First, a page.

Very few architects and designers get into designing play grounds. This is not a project scope that is presented to us often, unless it is part of a school or park. Even then, there is a learning curve on what it is all about.  There were no design criteria for play areas, much less for the disabled, other than some OSHA (safety) standards. When the American with Disabilities Act (ADA) was enacted back in 1991, there was a small section that spoke to having accessibility to recreational areas, which included play areas, but no real rules or criteria. “The Guidelines for Accessible Play Areas” were issued in 2005.

When I was growing up, playgrounds were fairly simple with swings and a climbing structure of some sort. The surface material was sometimes asphalt or just dirt. I feel lucky that I was never seriously injured on these. Play areas are pretty much the same in concept today. Sure the structures or components are more sophisticated using today’s technology, but the approach is still the same. The intent of the regulations is not focused on safety, but equality of access for a child with disabilities. Playing needs to have some levels of risk involved. This is part of the play “experience.” This adds to the excitement/challenge and aids in learning one’s limits.

One of the key parts for people with disabilities is the “play experience.” Opportunity should be available for not only play, but for socialization and learning. A child with a disability will not be able to do everything an able-bodied child can do, but should be able to experience the joy, laughter and feelings other kids have.  Being included and not excluded is the key concept.

The guidelines are available on this website.

The guidelines address the following:
Accessible routes
Ground level/surface – Maneuvering space
Entry Points – Transfer systems
Connected Elevated Components
Play tables
Soft contained play structures – play structures within a building

The guidelines do not specify what types of components are required, but play components, such as swings, slides and climbers, are required to make at least one component accessible. This would include things like transfer points from a wheelchair to a climbing structure or slide. If a sand or water play area is provided, an equal play area for a child in a wheelchair needs to be included.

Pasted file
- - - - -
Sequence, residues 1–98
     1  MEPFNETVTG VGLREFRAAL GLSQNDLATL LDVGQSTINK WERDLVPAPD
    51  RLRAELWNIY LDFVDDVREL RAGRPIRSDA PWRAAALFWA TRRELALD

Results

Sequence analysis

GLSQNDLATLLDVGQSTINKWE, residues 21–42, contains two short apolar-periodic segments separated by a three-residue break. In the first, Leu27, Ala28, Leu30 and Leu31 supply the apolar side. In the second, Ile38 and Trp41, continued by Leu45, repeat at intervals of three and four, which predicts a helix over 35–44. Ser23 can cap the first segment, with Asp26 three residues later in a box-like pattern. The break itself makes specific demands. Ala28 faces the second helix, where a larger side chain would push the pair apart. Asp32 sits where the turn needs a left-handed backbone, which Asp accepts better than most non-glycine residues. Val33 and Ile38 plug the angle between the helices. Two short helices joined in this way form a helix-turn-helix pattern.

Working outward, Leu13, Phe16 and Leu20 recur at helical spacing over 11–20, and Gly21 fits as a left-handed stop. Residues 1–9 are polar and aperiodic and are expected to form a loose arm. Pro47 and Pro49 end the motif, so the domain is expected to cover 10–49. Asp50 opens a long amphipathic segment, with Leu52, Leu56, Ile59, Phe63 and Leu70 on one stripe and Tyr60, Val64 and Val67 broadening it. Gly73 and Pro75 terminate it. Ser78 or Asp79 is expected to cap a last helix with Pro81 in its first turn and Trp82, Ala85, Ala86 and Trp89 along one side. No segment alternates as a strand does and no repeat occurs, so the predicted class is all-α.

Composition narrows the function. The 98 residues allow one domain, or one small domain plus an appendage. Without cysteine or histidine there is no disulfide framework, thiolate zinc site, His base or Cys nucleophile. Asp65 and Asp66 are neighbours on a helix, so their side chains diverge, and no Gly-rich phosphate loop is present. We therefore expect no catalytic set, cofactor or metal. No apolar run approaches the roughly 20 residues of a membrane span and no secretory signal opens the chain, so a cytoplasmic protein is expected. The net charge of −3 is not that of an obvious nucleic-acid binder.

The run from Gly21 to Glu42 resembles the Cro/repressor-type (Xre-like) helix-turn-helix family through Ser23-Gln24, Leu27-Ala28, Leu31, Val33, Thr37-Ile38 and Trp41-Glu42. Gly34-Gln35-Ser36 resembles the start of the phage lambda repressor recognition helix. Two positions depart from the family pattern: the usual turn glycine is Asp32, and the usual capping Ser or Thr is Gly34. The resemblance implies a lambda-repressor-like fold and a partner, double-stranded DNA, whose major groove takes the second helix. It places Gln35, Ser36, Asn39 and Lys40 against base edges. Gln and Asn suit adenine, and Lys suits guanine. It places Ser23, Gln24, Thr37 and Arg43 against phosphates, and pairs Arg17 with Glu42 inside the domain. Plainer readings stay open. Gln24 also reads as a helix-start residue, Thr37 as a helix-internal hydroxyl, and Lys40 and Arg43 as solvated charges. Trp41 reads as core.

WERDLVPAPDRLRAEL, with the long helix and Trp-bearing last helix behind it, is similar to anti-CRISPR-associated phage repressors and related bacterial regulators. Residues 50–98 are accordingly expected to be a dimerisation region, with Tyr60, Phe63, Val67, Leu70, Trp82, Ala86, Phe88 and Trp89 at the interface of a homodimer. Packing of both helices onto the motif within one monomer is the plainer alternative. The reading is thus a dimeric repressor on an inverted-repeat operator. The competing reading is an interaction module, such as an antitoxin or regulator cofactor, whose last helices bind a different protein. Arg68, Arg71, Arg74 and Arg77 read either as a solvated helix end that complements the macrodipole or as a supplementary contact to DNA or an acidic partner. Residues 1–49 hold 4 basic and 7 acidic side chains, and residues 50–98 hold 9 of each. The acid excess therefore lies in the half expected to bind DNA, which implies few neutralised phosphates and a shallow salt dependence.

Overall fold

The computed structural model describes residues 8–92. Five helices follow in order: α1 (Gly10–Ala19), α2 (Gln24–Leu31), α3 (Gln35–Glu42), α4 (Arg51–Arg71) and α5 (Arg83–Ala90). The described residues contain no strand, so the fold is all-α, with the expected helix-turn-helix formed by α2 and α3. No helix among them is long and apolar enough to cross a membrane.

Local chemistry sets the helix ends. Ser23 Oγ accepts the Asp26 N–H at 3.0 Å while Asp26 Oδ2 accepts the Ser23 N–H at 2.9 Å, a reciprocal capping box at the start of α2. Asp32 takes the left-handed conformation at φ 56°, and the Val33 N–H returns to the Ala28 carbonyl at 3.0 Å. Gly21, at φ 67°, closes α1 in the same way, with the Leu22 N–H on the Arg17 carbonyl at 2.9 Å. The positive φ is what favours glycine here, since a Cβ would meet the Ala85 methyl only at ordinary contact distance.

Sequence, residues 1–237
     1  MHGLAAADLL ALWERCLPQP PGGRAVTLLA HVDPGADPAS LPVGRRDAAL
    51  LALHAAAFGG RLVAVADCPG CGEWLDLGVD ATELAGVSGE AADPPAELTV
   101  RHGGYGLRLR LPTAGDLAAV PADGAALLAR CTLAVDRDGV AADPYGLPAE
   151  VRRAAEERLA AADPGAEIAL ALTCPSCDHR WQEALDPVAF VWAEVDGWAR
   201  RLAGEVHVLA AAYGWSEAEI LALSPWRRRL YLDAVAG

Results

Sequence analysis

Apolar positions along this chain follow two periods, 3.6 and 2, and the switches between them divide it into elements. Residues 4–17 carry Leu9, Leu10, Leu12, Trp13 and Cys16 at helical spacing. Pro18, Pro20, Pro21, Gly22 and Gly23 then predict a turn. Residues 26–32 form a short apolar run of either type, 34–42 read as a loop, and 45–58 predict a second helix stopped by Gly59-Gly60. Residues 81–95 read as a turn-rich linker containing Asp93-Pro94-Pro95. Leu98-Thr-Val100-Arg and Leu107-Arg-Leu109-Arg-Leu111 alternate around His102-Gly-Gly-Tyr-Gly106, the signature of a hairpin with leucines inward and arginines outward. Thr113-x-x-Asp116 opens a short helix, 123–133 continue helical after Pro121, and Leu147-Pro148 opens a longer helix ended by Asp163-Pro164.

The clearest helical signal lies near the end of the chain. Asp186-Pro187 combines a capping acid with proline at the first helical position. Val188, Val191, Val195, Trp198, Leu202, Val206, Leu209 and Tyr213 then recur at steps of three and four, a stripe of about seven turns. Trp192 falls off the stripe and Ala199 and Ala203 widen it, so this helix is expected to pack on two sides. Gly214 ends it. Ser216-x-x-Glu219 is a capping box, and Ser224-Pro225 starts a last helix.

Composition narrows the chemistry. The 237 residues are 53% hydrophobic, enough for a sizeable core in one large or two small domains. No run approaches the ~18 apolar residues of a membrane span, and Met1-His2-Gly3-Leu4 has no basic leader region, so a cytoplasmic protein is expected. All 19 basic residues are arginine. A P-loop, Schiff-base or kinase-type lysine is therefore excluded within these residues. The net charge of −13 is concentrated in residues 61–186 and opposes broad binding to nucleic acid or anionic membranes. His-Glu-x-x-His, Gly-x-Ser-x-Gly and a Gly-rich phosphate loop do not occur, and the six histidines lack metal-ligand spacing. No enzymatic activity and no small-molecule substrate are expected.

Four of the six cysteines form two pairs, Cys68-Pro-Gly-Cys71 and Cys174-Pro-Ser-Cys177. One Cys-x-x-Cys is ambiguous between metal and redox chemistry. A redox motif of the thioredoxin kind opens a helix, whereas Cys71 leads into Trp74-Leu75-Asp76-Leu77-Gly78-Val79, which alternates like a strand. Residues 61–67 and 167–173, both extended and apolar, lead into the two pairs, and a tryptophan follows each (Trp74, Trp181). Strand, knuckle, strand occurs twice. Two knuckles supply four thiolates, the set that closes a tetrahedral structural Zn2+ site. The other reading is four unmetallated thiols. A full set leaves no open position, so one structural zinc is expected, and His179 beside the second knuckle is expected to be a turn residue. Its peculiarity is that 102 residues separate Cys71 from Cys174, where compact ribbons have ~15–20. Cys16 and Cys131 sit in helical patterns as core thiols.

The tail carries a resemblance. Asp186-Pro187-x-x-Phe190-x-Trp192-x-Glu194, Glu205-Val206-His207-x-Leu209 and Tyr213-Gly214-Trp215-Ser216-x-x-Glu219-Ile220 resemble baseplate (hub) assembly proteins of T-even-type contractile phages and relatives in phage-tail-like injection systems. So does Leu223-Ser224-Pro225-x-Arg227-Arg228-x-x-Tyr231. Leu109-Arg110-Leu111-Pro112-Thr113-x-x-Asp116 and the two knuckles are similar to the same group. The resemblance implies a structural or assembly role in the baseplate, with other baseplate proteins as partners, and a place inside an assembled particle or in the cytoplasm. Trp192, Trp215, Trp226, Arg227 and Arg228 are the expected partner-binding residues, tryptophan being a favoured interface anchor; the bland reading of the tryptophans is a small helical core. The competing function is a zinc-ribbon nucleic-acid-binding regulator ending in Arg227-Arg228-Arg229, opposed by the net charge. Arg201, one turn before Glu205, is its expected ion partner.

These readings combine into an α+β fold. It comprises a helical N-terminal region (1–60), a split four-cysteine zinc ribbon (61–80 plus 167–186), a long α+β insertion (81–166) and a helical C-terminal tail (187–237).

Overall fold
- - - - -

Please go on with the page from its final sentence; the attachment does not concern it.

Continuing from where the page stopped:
Equal Facilitation is the concept of using innovative solutions and new technology to being accessible. Alternative designs and materials can be used in order to satisfy the intent of the component and comply with the guidelines. This is more so in the approach for an accessible play area.

One of the hardest things to decide on in a design for a play area is the ground surface. There are a lot of so called “accessible surface” (stable and firm) providing the ability for mobility devices (wheelchair) to gain access. Some types of loose materials (wood fiber and rubber materials) meet the ASTM Standards and may be safer than a harder surface against fall. Loose materials area is a maintenance problem and requires a lot of maintenance to keep it in compliance. Most designers or jurisdictions will opt for a harder surface with less maintenance.

Recently opened is the Lamorinda “all-access” playground at the Moraga Commons Park in Moraga. It was a community effort to bring this together and one of the best examples of a high-level accessible play area. The area contains a variety of components addressing different types of disability and provides a high-level of play experience, socialization and learning for all. The approach for all accessible play areas should be applied to all accessible buildings. What experience does your building provide for its occupants and users, including ones with disabilities?